Sunday, December 1. 2013
Laakso & Björk (2013) compare the citation impact of immediate Gold OA with delayed Gold and toll-access. They find that delayed-Gold journals average twice as many citations per article as toll-access journals and three times as many as immediate-Gold journals.
This is based on comparisons between different journals. But journals differ in both subject matter and quality -- and one of the ways to try to equate them to make them comparable for quality is to equate them for impact.
So if journals are not equated for subject matter and quality, one is comparing apples and oranges. But if immediate Gold OA, delayed-Gold and toll-access journals are equated for impact, one can't compare impact for delayed vs. immediate Gold -- in fact one can't compare the journals for citation impact at al!!
A feasible way to compare immediate-OA with delayed-access and toll-access is via Green OA based on within-journal comparisons instead of between-journal comparisons, by comparing articles published within the same journal and year that are and are not made Green OA. To do this one needs both the date of publication and the date the article was made Green OA.
It is impossible to get the OA date for webwide deposits in general, but for repository deposits it is possible.
We do have some very preliminary and partial data from the University of Minho repository, but the sample is still too small to do within-journal comparisons. Immediate Green OA articles do have more citations on average than Delayed Access articles (see Figures 2c and 3c) despite the availability of the automated "Almost-OA" Button during the delay period, but these citation counts are just absolute ones, rather than relative to within-journal matched toll-access controls. Hence these are likewise still comparisons between apples and oranges. (Note also that the large number of undeposited articles is likewise unmatched, and not based on their respective within-journal matched toll-access controls.)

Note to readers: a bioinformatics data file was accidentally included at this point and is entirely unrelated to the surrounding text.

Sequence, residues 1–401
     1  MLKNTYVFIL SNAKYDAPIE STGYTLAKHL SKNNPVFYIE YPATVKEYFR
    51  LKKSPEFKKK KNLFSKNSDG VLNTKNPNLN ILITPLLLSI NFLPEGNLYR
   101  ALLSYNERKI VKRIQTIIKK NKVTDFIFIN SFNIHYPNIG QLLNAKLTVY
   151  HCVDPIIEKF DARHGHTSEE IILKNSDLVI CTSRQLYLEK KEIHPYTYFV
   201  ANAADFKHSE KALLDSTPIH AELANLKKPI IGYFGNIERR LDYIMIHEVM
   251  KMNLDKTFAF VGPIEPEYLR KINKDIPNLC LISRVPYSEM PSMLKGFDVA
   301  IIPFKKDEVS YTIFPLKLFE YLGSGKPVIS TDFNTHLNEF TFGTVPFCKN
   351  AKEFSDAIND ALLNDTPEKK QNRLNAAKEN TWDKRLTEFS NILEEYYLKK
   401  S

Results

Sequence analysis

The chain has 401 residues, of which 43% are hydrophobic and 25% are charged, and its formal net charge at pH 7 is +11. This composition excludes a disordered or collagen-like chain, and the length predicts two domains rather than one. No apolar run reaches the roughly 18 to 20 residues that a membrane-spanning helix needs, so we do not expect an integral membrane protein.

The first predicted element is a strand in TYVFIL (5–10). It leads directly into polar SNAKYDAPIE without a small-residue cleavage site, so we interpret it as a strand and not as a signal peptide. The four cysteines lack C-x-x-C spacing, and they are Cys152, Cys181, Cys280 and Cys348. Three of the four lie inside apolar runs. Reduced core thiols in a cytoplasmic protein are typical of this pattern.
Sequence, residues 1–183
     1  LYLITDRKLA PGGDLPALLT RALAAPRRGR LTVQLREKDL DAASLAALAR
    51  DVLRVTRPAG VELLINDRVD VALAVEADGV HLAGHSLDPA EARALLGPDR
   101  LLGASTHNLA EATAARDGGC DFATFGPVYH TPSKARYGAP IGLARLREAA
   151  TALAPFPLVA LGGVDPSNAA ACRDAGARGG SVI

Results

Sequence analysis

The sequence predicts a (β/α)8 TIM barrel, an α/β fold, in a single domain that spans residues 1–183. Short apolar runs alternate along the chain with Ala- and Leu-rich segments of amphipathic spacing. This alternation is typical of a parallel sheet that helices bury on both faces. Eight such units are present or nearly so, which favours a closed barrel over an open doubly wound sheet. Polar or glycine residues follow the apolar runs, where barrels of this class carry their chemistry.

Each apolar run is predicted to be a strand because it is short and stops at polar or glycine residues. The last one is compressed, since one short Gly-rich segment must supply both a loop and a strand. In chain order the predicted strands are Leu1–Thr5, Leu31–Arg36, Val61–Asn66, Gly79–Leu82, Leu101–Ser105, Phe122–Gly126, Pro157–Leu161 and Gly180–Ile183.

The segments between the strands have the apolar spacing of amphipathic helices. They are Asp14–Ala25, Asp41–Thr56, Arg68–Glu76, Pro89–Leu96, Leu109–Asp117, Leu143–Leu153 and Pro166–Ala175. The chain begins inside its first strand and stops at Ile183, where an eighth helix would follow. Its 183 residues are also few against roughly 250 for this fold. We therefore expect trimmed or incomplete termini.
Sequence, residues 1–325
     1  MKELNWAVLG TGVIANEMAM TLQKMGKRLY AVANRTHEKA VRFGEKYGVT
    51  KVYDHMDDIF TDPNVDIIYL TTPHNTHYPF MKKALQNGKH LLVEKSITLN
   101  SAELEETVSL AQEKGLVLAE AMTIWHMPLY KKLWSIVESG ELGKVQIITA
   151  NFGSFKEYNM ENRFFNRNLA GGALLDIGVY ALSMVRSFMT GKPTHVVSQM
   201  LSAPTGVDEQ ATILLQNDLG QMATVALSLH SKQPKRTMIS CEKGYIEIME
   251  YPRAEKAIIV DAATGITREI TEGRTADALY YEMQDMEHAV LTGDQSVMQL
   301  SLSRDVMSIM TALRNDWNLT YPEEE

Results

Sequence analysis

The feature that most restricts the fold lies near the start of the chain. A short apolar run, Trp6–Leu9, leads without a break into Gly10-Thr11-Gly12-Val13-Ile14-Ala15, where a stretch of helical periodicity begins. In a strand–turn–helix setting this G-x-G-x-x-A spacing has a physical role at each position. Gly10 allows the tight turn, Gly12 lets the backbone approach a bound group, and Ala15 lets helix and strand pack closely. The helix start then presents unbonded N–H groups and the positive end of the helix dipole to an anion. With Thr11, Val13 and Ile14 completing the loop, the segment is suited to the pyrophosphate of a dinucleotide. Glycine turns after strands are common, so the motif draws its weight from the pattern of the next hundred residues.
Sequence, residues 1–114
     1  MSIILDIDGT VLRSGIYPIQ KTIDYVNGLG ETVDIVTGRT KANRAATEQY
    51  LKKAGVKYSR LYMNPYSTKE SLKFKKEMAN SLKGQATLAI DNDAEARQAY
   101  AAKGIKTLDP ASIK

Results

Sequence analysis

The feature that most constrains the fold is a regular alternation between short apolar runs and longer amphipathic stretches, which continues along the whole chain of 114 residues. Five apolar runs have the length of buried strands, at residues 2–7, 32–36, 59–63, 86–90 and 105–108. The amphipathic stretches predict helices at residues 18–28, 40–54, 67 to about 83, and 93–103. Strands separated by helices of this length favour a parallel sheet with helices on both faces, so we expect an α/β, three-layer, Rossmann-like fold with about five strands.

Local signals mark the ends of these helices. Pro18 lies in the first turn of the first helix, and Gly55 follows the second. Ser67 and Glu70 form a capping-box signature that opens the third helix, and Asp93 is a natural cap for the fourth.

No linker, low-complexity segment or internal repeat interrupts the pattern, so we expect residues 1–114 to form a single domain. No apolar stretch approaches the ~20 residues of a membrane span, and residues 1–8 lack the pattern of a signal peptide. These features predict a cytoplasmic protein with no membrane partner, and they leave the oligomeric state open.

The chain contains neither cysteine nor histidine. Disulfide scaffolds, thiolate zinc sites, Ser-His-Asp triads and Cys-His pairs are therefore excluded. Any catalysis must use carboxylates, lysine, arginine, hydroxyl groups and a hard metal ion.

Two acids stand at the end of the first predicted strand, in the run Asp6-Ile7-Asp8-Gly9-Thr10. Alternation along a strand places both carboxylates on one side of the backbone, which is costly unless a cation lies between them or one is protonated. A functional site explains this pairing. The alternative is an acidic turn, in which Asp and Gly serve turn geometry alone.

The sample will grow as the number of Green OA mandates and repository deposits worldwide grows. The vast unused potential for immediate Green-OA and Almost-OA has long been known and noted -- most recently by Laakso (2014).
Gargouri, Yassine, Larivière, Vincent & Harnad, Stevan (2013) Ten-year Analysis of University of Minho Green OA Self-Archiving Mandate (in E Rodrigues, Ed. title to come)
Laakso, M., & Björk, B. C. (2013). Delayed open access: An overlooked high-impact category of openly available scientific literature. Journal of the American Society for Information Science and Technology.
Laakso, M (2014) Green open access policies of scholarly journal publishers: a study of what, when, and where self-archiving is allowed. Scientometrics (in press)
Open Access ≠ Open Access Journals. In AAAS's ScienceInsider, Jocelyn Kaiser reports the results of yet another survey showing that researchers want Open Access but do not provide it.
But if you ask the wrong questions, you get the wrong answers.
Open Access (OA) means free online access to peer-reviewed journal articles.
OA provides for researchers the advantage of maximizing the access, uptake, usage, applications, progress and impact of their research findings by making them accessible to all potential users, not just subscribers. Most researchers already know this.
There are two ways for researchers to provide OA:
--- (1) either researchers publish in an OA journal, which makes its article free for all online ("Gold OA");
--- (2) or researchers publish in their journal of choice but also self-archive their final peer-reviewed draft in their institutional OA repository, which makes it free for all online ("Green OA").
Gold OA has all the disadvantages mentioned and not mentioned by Kaiser: (i) not the author's established journal of choice; (iii) may have low or no peer-review standards (iii) may cost the author money to publish, out of scarce research funds.
That explains why most authors want OA but few provide Gold OA (as this latest Science survey yet again found).